It’s Friday and I’m headed to the zoo with my daughters. At the risk of being deemed a bad parent, I will say that I will no doubt be engaged in observation of the people and the activities with an anthropological perspective in mind – a hazard of the trade, no doubt. But it has me thinking that there are elements of observation that we often forget and it can be harder than we think.
When I’m sent to a setting, be it a country I’ve never visited before, a dinner party with a group I’ve never met, or even the zoo, one of the first things I do is some informal observation. It is grounding and primes the mind for the fieldwork to come. In this sense, observation means watching and listening to people and trying to form some ideas about their beliefs, behavior, knowledge, and interactions.
This requires an attitude of openness to experience. It means not taking anything for granted, no matter how seemingly mundane. It sounds trite, but it’s often useful to imagine that you are a visitor from another planet, and that you are visiting Earth for the first time. What do you notice about the humans? The buildings? The structure of a setting? Even the most trivial details are revealing if you forget, or try to forget, some of what you know. Of course, this isn’t entirely possible, so keep in mind that what you think and feel are as much part of the data set as the observations themselves – self-reflexivity is a marvelous tool.
With informal observation, you are always looking for something that might make a community different from others. Perhaps the difference is in products they can buy, not only what they have and how they use them. Perhaps it is the way they talk to their children or spouses. Perhaps it is their structuring of power. Remember that nothing is certain and notice anything that makes a community unusual to your own worldview.
But observation means nothing if you don’t recall what you experience. It’s not enough simply to observe people. Recording is essential. I have found that the best way to do informal observation is to always carry a small notebook and pen. Yes, the camcorder and the camera are important, but writing things down and mapping an environment have a way of helping organize what is important as well as having the benefit of making you think about what you have missed. When you see or hear something interesting, I write it down.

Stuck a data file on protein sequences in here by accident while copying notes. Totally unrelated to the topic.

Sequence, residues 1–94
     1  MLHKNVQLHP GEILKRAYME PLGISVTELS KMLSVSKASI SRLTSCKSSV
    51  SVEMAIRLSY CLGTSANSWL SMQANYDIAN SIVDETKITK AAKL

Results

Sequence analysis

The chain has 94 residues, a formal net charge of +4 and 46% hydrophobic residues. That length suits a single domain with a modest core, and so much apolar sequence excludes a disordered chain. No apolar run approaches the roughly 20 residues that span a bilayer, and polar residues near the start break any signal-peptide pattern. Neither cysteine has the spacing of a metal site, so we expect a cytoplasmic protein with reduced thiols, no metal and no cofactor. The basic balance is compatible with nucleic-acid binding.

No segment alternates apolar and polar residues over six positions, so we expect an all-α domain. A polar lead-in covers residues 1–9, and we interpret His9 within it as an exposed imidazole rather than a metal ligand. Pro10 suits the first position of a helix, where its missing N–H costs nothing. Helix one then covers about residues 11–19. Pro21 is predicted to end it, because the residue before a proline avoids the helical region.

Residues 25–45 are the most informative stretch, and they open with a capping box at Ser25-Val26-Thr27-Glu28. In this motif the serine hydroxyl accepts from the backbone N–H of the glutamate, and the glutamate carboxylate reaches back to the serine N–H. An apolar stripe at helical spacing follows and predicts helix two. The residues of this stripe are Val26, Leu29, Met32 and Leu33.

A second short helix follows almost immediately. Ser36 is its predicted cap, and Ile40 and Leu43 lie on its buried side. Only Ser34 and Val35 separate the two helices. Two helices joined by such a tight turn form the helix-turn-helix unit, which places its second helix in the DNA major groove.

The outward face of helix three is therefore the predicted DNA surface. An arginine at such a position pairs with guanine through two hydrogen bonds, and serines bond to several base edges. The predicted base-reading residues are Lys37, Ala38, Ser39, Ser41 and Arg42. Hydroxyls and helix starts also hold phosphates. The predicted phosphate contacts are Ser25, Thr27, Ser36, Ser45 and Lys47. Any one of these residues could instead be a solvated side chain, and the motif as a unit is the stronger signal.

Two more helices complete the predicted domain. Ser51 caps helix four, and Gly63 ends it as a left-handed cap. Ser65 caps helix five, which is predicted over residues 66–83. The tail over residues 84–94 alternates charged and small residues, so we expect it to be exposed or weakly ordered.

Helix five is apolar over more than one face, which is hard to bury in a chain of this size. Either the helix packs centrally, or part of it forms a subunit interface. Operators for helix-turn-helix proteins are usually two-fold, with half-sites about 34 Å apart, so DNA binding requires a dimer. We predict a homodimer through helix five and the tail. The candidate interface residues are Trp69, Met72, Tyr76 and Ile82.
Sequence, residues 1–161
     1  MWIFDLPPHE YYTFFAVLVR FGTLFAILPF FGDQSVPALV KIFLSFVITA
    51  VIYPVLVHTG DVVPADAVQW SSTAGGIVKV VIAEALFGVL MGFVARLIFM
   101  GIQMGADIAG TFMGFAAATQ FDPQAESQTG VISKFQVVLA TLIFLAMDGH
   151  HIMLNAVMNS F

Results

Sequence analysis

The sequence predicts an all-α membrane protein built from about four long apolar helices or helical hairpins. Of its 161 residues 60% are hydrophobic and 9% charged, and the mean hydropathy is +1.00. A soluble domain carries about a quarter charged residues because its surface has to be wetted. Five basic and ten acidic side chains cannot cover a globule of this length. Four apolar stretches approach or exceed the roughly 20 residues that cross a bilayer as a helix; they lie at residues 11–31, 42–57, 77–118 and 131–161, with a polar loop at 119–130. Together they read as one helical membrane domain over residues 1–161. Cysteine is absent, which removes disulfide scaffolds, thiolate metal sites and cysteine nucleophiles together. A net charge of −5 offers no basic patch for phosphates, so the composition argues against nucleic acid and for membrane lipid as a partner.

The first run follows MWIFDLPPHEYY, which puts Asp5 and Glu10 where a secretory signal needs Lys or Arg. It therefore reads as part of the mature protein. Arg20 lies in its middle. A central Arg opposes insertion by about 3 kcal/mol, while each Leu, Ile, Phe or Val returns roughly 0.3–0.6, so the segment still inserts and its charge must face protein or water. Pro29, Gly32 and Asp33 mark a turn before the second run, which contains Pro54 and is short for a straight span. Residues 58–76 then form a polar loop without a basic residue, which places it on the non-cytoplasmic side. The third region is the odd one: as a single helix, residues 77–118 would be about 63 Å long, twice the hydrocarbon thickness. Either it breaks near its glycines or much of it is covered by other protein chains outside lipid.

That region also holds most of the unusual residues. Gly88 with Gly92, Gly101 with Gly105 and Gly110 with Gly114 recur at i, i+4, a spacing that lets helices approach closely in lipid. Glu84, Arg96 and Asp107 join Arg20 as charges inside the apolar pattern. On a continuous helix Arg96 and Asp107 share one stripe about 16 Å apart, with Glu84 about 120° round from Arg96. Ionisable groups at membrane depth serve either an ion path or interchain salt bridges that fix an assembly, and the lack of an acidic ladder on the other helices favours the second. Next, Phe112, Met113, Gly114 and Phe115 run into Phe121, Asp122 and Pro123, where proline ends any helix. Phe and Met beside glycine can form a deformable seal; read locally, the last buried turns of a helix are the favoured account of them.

It is also at this stage that models and theories begin to take shape. As I form theories, I write these down too, in the same notebook – usually in the form of questions. Whenever you start to form a theory about some possibility, look for evidence that will either confirm or oppose the theory. This will in turn lead to more questions and better observation.
That being said, there is a fine balance that must be struck. It’s very important not to jump to conclusions straight away, and to look for evidence on both sides of the question. Many people will form a theory without searching for opposing evidence, or they will head down a path that substantiates what they want to believe. The main difference between observation in normal life, and informal observation for research is that the researcher is always trying to seek the truth, such as it is, and to find out how far that truth can be extended. Remember, this is the first stage in the research, not the end. This is exploration.
With that in mind, remember that for observation to be successful and useful, you have to go beyond observation, and ask people “Why do you do that?” You are not observing purely for the sake of observing, but to find out why people act as they do. It’s certainly something I’ll keep in mind at the zoo as I watch all the critters – human and nonhuman alike.